A major factor contributing to the poor speech and language outcomes of children with hearing loss may be related to a reduced ability to resolve temporal features of the stimulus. Auditory temporal resolution refers to the ability to perceive changes in acoustic stimuli overtime. The long-term goal of this program of research is to understand how the factors that influence the development of temporal resolution in children with hearing loss can be manipulated for therapeutic purposes. Towards this goal.
Aim 1 will test the hypothesis that children with greater auditory exposure show less delay in the development of temporal resolution. Thresholds will be obtained for different measures of temporal resolution. These thresholds will be compared between two groups of children (hearing loss, normal hearing) and across age in a series of cross-sectional experiments. The work under Aim 1 will provide a better understanding of temporal resolution in children with hearing loss and the degree to which a child's auditory experience supports their temporal resolution.
Aim 2 will test the hypothesis that hearing-aid gain and compression speed can be manipulated to improve temporal resolution for children with hearing loss. Hearing loss can result in reduced temporal resolution due to loss of audibility and the normal compressive function of the cochlea. We lack information regarding the extent to which we can improve temporal resolution for children with hearing loss by manipulating the gain and compression speed provided by amplification. This contribution is expected to be significant because it is the first step in a continuum of research that is expected to lead to the development of habilitative strategies that will, for example, allow for targeted interventions that mitigate the risks associated with factors that contribute to suboptimal temporal resolution (Aim 1) and allow for the specification of hearing-aid compression speed that optimize temporal resolution (Aim 2) for children with hearing loss.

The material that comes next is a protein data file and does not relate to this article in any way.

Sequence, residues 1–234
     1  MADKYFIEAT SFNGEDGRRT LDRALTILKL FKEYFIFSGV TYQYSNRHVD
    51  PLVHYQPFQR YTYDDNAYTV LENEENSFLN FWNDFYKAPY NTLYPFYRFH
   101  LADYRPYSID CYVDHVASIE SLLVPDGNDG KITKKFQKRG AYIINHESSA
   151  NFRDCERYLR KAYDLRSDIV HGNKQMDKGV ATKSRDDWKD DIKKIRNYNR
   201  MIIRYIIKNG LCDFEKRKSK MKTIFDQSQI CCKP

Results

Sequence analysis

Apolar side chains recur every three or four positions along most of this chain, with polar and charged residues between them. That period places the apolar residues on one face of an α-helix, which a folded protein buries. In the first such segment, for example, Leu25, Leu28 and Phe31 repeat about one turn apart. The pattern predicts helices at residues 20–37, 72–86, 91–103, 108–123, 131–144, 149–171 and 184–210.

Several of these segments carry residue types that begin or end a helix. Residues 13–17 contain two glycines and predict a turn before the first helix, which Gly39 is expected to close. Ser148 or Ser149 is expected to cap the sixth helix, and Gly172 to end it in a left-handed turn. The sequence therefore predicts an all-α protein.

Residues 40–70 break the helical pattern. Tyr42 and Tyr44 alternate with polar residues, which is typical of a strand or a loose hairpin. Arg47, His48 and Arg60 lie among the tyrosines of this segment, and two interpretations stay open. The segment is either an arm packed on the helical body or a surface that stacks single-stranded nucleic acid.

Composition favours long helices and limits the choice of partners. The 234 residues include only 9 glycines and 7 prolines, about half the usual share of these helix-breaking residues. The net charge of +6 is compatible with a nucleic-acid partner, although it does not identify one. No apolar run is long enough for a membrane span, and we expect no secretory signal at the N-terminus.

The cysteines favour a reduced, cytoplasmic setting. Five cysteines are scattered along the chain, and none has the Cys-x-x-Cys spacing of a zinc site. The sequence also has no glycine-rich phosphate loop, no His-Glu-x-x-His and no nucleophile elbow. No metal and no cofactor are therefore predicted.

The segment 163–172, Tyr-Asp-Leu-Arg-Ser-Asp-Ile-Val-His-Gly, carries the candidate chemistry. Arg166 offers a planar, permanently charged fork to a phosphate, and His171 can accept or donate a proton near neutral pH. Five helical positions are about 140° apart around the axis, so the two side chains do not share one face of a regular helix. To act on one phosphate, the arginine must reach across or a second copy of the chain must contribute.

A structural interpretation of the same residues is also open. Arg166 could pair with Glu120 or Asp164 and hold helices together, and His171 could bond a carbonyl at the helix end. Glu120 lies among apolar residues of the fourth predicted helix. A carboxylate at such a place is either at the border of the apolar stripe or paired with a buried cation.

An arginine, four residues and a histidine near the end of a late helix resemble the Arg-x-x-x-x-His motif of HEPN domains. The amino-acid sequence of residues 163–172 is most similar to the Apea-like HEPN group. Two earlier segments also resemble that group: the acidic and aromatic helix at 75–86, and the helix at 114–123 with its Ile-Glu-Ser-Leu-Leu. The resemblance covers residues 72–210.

This project examines the influence of auditory experience and hearing-aid amplification on temporal resolution in children with hearing loss. This proposal is relevant to public health and the mission of the NIH because these results will help optimize hearing-aid amplification, which in turn is expected to diminish the negative effect of hearing loss on speech recognition.
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|Lewis, Dawna E; Manninen, Crystal M; Valente, Daniel L et al. (2014) Children's understanding of instructions presented in noise and reverberation. Am J Audiol 23:326-36|